# Time series forecasting with Facebook Prophet

If you are monitoring your web services with Wavefront, Prometheus, Grafana etc. then you are aware of time series. In this post I am sharing my learnings about time series forecasting. Starting with some basics of time series, then using a library from Facebook called Prophet to forecast and finally some thoughts on how this could work in for real world scenarios.

To start here is a sample hourly request data for a hypothetical service for 4 weeks (28 days * 24 = 672 data points). Each row represents average number of calls per second to your server in that hour. I will use this in all the examples. Hypothetical request rate data

# Stationarity and Autocorrelation

In a stationary time series, the mean and variance is generally constant over time (reference).

a stationary time series is a series whose statistical properties are independent of the point in time at which they are observed

Intuitively this should make it easy to understand why stationarity helps in more accurate forecasts. There are statistical tests you can apply (beyond my scope) so here is a simple visualization. In general the size of each candle is similar so this could be considered stationary time series (there are some outliers like day 12) (reference). Weekly and daily boxplots with mean

Autocorrelation function (ACF) is the degree of similarity of the time series when lagged by itself and represents how similar the current value is to past values. In ACF all correlations between current past are used and these are direct and indirect effects. Additionally, there is another Partial Autocorrelation (PACF) function that represent to how similar the current value is to the past but eliminates all the indirect effects (reference). This specifically applies to autoregressive (AR) models which we will use later. There are other moving average (MA) models as well which are not discussed. Autocorrelation and Partial Autocorrelation

# Time Series Components

1. Trend — over a period of time (x-axis left to right) are the values (y-axis) going up or down or remain the same? For example, there may be ups and downs but generally in the last 20 years the total stock index has an upwards trend.
2. Seasonality — is there some repeating pattern? For example, summer vacations, Thanksgiving and Christmas would have increased number of people traveling. The “seasons” could be within a day, for example a retail ecommerce site may have more traffic during the day and less at night. Holidays — Seasonality maybe impacted by certain special circumstances like a pandemic and these are known as holidays. Again, for a retail web service during the black Friday week there will be a spike that interrupts the usual seasonality. Additionally, we can also consider new feature launch as a seasonal effect.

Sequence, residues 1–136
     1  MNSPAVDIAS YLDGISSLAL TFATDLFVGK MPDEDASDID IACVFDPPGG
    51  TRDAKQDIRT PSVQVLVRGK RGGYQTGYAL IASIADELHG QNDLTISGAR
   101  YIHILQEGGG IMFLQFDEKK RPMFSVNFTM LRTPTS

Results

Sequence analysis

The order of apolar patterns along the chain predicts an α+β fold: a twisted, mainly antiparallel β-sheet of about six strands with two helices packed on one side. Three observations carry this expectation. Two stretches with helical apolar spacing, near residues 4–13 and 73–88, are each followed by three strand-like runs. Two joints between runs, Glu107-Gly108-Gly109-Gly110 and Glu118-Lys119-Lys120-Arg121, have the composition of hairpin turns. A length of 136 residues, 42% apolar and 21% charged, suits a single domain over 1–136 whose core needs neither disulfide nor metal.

3. Residual — this is the “noise” and other unexplained component of a time series.

There are 2 ways to decompose a time series into these components: Additive and Multiplicative.

## Additive Additive decompose of example data

This is roughly represented as:

`y(t) = Trend(t) + Seasonality(t) + Residual(t)`

## Multiplicative Multiplicative decompose of example data

This is roughly represented as:

`y(t) = Trend(t) * Seasonality(t) * Residual(t)`

## Additive vs Multiplicative Additive and multiplicative seasonality

In the case of web-services traffic I will try both but generally multiplicative is likely the right choice. This is because seasonal variations generally follow the trend and affect the series by a large value.

# Forecasting with Facebook Prophet

`fb = Prophet()fb.fit(request_data)future_dates = fb.make_future_dataframe(periods=7*24, freq='H')forecast = fb.predict(future_dates)fb.plot(forecast);`

Default is additive and I tired with both additive and multiplicative. The `forecast` above contains all the predictions and the upper and lower bounds including those of the components. In my case they appear identical though as discussed above multiplicative is probably the better approach.

The black dots are actual values while the blue line is from the model.

## Additive Additive forecast Additive components

## Multiplicative Multiplicative forecast Multiplicative components

## Forecast vs Observed Additive forecast vs observed Multiplicative forecast vs observed

There are lots of knobs to control and while the Prophet documentation mentions these you actually need to understand a lot of details and understand internals before you can play with them.

All the code and sample data for above is in Github at this location.

# Real World

When collecting metrics, each metric can have N arbitrary key-value labels (see Prometheus example) so when considering such time series we need to extract series based on some label combinations or apply additional regressors or potentially a both? Further forecasts created would then need to be recombined in some way?

Another problem is scaling. If the time series is specific to a specific customer (for example forecasting use for a single customer), then the model trained cannot be applied to all customers and each must be individually trained? Components such as seasonality may apply across customers and that maybe applicable to all?

Finally building and operating data pipelines is something I have no knowledge about so lots of new things to learn!

If these topics interest you then reach out to me, and I will appreciate any feedback. If you would like to work on such problems you will generally find open roles as well! Please refer to LinkedIn.

## More from Rahul Agarwal

https://linkedin.com/in/rahulaga